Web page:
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George Xie
30-03-2006, 02:17 PM
I find a interesting article from chessbase, its really funny.

http://www.chessbase.com/newsprint.asp?newsid=2833

qpawn
30-03-2006, 02:28 PM
Nonono, let me give you a basic lesson in chess theology. Chess was created by the cavemen who began to eat red meat. To help their brains grow the cavemen dreamt up this square with all these funny little pieces. Chess was a bit different from ours in their time.

Rook = wooly mammoth
knight = elephant
bishop = cave shaman
pawn = pigs
queen = head cavewoman who had borne the most kids
king = head hunter who had killed the most tigers

Chess. The ancient game. We were meant to play it. :lol:

Axiom
30-03-2006, 08:29 PM
yes! more meat, less potatoes!

Igor_Goldenberg
31-03-2006, 02:41 PM
I especially like the way the saying "between opening and endgame God created middlegame" is referenced.

antichrist
02-04-2006, 06:18 PM
If you declare your God is uncaused, then I say the same about the universe. Checkmate!

Andrew Moody (Vic) SMH 1/4/06

antichrist
09-10-2006, 05:14 PM
Is it true that the queen in chess was modelled on the powers of Queen Isabella of Spain of about 500 years ago, who with Fredericko maybe, enforced the Inquisitions - or so said the program on Inquisition last night on SBS?

Rincewind
09-10-2006, 05:21 PM
If you declare your God is uncaused, then I say the same about the universe. Checkmate!

Peter, Speaking of rationalism I see your name mentioned in an article in the latest issue of The Skeptic. The article is titled "Frightened freethinkers: a case of attempted censorship" by Nigel Sinnott and your are involved in your capacity (at the time) as editor of the Rationalist News.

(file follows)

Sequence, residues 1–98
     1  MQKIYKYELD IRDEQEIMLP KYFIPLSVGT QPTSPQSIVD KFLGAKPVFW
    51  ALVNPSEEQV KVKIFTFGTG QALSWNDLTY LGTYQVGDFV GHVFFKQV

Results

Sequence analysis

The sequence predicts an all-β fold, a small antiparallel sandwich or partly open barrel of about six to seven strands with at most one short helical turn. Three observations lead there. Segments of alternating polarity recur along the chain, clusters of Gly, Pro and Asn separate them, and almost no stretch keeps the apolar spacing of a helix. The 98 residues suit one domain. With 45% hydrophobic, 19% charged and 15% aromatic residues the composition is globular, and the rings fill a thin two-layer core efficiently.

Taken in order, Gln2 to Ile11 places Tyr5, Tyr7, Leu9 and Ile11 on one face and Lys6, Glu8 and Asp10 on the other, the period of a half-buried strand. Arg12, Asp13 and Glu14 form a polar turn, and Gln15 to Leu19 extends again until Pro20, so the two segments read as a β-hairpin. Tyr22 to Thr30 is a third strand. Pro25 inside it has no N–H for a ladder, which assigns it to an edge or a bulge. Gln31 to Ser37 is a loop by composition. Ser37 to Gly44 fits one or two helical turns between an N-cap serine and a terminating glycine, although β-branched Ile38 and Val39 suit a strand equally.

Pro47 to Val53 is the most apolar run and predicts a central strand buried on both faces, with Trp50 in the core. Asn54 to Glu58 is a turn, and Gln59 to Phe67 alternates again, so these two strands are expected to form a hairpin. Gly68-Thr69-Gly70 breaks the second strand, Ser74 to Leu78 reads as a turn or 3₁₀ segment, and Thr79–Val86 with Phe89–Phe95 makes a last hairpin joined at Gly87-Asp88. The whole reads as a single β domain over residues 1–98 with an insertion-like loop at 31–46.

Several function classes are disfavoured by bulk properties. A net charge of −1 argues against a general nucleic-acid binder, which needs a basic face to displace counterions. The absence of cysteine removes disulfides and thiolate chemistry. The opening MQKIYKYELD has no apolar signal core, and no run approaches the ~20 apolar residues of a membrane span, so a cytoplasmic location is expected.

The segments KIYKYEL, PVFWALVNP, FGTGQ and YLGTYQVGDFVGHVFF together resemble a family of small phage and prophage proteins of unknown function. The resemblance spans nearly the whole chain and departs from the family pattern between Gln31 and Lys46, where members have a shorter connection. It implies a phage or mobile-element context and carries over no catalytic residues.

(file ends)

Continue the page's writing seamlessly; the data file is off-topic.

antichrist
09-10-2006, 07:10 PM
Peter, Speaking of rationalism I see your name mentioned in an article in the latest issue of The Skeptic. The article is titled "Frightened freethinkers: a case of attempted censorship" by Nigel Sinnott and your are involved in your capacity (at the time) as editor of the Rationalist News.

That case was years ago and went on for ages and it shows that they have the same mentality of some of the posters here who have nothing better to do then argue about something for years. But why bring it up again now?? The article was a book reveiw that libelled very rich people who had been cleared of the crime in court - is that the case? And had nothing to do with censorship.

Rincewind
09-10-2006, 10:41 PM
That case was years ago and went on for ages and it shows that they have the same mentality of some of the posters here who have nothing better to do then argue about something for years. But why bring it up again now?? The article was a book reveiw that libelled very rich people who had been cleared of the crime in court - is that the case? And had nothing to do with censorship.

Probably talking about the same thing. Just letting you know that you're mentioned in case you're interested. I certainly found it interesting reading and thought you might like to check it out.

MichaelBaron
10-10-2006, 01:40 AM